The case for causal realism in part two rests upon a proper diagnosis of Hume's doubts about the self in the Appendix. To this end, Kail closely examines realist interpretations that take Hume's many references to our ignorance of powers to show that he assumed the existence of these powers, as well as anti-realist readings that maintain that such references cannot be taken as evidence that Hume assumed the existence of powers, and rather interpret them as insincere, ironic, or amenable to deflationary readings. Kail reaches a "stalemate" between causal realist and anti-realist readings, and a form of agnosticism about the existence of causal powers "seemed to be on the cards" until we see that the assumption of necessary connections provides a "neat solution" to the "notoriously recalcitrant Appendix problem", tipping the balance "firmly" in favor of causal realism (124, 126). Now Kail's solution to Hume's worries in the Appendix is intriguing and even quite tempting, but I am not convinced that his reading of the Appendix entirely captures Hume's second thoughts about the self on two counts.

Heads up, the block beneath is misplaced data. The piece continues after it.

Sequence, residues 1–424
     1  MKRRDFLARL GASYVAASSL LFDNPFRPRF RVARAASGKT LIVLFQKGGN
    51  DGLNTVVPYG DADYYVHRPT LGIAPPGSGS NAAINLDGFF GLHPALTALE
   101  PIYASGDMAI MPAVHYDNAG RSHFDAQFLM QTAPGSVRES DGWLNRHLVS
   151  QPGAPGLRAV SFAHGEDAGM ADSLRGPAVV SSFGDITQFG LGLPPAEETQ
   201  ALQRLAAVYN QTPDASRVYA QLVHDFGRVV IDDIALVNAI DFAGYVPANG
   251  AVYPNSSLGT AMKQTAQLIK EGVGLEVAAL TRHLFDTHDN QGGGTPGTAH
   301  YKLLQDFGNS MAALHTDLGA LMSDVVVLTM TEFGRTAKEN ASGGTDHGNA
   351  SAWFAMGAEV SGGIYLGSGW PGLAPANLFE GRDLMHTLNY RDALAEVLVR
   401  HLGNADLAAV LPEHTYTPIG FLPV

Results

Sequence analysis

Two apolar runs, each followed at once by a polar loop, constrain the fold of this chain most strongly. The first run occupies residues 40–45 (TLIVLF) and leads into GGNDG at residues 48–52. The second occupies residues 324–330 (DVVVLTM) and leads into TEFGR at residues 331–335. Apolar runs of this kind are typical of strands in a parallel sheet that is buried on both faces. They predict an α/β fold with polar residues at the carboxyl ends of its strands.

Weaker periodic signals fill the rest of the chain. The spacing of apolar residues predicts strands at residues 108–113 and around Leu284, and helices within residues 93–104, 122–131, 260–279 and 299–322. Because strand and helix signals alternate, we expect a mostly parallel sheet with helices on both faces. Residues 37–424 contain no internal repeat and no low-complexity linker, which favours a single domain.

First, there is no denying Hume's dissatisfaction with the account of the self. His views involve him in a "labyrinth" and he "neither [knows] how to correct [his] former opinions, nor how to render them consistent" (T. App.10).[1] The two principles he cannot render consistent are, first, that all our distinct perceptions are distinct existences, and second, that the mind never perceives any real connection among distinct existences. There would be no difficulty either if our perceptions did inhere in something "simple and individual", or if the mind perceived "some real connexion among them" (T. App.21). Pleading "the privilege of a sceptic," Hume confesses that this difficulty is "too hard for [his] understanding" and hopes the difficulty can be remedied in the future (Ibid). On Kail's reading, Hume realized that his account of the self forces an unacceptable inconsistency, indeed, a veritable labyrinth from which he cannot escape since neither principle can be renounced (136). However, the supposition that Hume himself recognized that his account of the self is doomed is difficult to square with more positive remarks made in the Appendix. He hopes that the difficulty will be solved in his refusal to "pronounce" the difficulty "absolutely insuperable" and seems pleased with his account of personal identity (T. App.21). Hume remarks that his "extraordinary" conclusion that we only feel a connection between the distinct perceptions "need not surprize us" (T. App.20). The doctrine illuminates what most philosophers are inclined to think, that personal identity arises out of consciousness, and that consciousness "is nothing but a reflected thought or perception", and his theory has so far a "promising aspect" (Ibid). Now if Hume detected a fatal problem, then it is unexpected that there is any hope or satisfaction with the account of the self at all.